______________________________________Ink C______________________________________Regal 33OR 23 Parts(Produced by Columbia Carbon Co.)Vehicle B 52 PartsVehicle C 20 PartsDodecylbenzene 5 PartsTotal 100 PartsInk-O-meter value 16 (400 rpm, 30° C)Spread meter value 17 mm/min (25° C)______________________________________
Following the same procedure as in Example 1, the ink C was used in printing on a tin plate in the amount of 30 mg/100 cm2. The tin plate so printed was placed in an oven at 150° C for about 3 minutes thereby obtaining a thoroughly dried coating of the ink on the plate.
Following the procedure of Example 1, but substituting the acrylic acid by methacrylic acid, there was obtained a resin C having an acid value of 15 and a viscosity of 1,000 poise/25° C. A vehicle was prepared by dissolving 50 parts of the thus-obtained resin in 50 parts of diethylene glycol diacrylate. The vehicle so obtained was used in the preparation of an ink D as one component thereof in the same manner as used in Example 1.
Under the same conditions as in Example 1, art paper was printed with the ink D, and the thus-printed paper was then passed at a speed of 18 m/min below the ultraviolet lamp thereby setting the coating of the ink on the paper. When such printed paper was passed at a speed of 12 m/min., the coating formed thereon was thoroughly dried.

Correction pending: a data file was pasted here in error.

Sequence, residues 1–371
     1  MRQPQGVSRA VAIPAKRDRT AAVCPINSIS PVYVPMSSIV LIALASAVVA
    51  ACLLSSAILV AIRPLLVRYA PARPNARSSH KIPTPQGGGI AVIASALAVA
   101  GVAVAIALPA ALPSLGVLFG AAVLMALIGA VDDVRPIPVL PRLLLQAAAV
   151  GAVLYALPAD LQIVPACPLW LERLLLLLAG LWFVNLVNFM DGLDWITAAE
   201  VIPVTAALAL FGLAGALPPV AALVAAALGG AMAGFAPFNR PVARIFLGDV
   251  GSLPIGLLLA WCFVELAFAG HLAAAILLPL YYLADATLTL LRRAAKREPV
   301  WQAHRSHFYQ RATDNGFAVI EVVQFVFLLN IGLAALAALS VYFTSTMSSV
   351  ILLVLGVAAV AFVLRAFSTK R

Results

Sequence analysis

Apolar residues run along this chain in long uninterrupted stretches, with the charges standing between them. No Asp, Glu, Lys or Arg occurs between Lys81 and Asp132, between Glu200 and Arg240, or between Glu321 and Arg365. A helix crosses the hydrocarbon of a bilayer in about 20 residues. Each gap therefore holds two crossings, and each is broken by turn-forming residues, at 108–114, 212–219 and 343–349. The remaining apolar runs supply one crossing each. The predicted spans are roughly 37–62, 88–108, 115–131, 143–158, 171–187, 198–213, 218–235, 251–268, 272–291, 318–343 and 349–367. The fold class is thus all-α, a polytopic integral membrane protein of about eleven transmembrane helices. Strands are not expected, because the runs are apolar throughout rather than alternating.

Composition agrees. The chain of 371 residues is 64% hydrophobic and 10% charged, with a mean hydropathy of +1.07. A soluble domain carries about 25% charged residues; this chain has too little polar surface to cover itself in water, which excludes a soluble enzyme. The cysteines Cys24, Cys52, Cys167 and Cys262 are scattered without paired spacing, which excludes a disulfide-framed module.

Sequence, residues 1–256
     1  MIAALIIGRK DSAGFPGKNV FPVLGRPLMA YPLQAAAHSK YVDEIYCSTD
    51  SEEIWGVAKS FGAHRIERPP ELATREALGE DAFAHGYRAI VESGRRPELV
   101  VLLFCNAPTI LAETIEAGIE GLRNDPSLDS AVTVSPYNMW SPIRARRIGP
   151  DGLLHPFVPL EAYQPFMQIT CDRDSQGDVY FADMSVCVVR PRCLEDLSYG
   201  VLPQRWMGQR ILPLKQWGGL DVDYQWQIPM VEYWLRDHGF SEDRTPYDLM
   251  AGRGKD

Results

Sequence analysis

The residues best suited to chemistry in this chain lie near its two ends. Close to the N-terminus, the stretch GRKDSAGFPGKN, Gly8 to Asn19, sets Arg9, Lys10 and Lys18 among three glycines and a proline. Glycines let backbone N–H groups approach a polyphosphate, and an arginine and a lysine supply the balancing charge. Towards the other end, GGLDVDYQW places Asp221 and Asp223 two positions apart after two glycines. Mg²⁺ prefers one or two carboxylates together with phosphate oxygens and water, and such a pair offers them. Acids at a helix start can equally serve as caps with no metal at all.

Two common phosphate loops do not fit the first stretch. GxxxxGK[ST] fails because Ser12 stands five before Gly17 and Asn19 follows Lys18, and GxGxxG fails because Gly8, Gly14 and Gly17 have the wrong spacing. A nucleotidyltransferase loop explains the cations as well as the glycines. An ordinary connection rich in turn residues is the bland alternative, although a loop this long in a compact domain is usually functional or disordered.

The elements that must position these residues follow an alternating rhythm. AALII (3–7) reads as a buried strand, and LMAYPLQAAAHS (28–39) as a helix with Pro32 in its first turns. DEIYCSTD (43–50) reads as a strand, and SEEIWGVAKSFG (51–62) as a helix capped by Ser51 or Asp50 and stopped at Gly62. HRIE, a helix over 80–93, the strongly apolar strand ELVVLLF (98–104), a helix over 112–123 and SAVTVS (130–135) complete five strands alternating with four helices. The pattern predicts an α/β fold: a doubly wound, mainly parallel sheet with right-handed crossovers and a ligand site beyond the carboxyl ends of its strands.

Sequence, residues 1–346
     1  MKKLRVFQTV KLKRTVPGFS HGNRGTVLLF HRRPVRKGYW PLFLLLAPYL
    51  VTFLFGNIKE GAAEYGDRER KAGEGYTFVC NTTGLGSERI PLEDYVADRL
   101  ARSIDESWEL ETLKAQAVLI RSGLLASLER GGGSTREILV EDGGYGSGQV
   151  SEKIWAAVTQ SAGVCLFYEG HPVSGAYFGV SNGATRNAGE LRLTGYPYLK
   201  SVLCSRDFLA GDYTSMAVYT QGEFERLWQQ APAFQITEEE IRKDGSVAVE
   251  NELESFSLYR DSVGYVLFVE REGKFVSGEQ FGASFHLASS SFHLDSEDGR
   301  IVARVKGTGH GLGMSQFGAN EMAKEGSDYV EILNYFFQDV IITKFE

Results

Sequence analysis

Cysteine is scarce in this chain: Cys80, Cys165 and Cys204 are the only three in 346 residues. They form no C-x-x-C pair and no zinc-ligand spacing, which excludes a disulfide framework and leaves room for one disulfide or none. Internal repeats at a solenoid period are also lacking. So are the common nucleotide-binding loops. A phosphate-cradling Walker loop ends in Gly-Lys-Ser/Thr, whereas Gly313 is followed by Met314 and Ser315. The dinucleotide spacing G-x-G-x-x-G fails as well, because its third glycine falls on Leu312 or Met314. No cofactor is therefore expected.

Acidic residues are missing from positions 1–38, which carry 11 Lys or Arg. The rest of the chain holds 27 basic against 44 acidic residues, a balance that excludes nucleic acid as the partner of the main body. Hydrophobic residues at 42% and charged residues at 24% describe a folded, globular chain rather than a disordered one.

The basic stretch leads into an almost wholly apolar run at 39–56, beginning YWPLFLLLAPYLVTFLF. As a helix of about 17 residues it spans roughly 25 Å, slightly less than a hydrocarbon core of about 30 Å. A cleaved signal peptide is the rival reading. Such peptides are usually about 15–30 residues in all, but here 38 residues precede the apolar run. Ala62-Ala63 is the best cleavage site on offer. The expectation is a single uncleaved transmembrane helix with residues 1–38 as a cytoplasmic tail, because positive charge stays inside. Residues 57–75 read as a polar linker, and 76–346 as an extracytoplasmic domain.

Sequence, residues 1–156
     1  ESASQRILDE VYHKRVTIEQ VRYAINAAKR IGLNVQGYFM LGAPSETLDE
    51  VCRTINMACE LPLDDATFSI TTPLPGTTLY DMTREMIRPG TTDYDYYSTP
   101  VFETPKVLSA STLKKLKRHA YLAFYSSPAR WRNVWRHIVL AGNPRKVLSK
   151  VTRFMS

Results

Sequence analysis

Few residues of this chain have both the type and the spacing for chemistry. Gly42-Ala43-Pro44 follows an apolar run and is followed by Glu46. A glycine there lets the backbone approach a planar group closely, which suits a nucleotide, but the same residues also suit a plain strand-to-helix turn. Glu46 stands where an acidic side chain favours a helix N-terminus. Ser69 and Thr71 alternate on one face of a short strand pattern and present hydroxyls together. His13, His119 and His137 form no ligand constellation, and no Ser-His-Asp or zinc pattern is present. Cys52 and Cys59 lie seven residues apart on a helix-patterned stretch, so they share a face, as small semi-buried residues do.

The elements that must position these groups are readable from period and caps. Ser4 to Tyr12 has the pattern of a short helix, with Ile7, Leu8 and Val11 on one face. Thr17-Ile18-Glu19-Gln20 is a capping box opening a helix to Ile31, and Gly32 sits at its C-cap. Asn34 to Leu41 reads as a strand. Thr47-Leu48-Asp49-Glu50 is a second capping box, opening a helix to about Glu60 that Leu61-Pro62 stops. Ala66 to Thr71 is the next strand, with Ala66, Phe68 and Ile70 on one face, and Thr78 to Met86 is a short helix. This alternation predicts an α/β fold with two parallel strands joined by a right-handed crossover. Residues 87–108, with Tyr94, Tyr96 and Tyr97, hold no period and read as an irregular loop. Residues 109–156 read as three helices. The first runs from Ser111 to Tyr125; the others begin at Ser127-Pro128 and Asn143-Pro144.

Seventy parts of a resin prepared by reacting DCPD with allyl alcohol in the molar ratio of 1 : 1, were reacted with 10 parts of linseed oil fatty acid at 230° C to form a resin having an acid value of not more than 5 which was then esterified using 20 parts of acrylic acid, 1.5 parts of p-toluenesulphonic acid and 0.1 part of hydroquinone in the same manner as in Example 1 to obtain a resin D having an acid value of 13 and a viscosity of 750 poise at 25° C. The resin D so obtained was one which was perfectly compatible with Magie Oil No. 530. Sixty-five parts of the resin D were dissolved in 35 parts of ATMPT to form a vehicle which was then used in preparing an ink E in the same manner as in the ink A of Example 1. A sample of the ink E thus prepared was coated on art paper under the same printing conditions as in Example 1, and the printed paper was subjected to the radiation of ultraviolet rays with the result that the coating on the paper was dried by passing at a speed of 15 m/min. below the ultraviolet lamp. Separately, another sample of 100 parts of the ink E, kneaded with benzil in the amount of 3% by weight of the ink sample, was likewise tested and found to dry by passing at a speed of 25 m/min. below the lamp.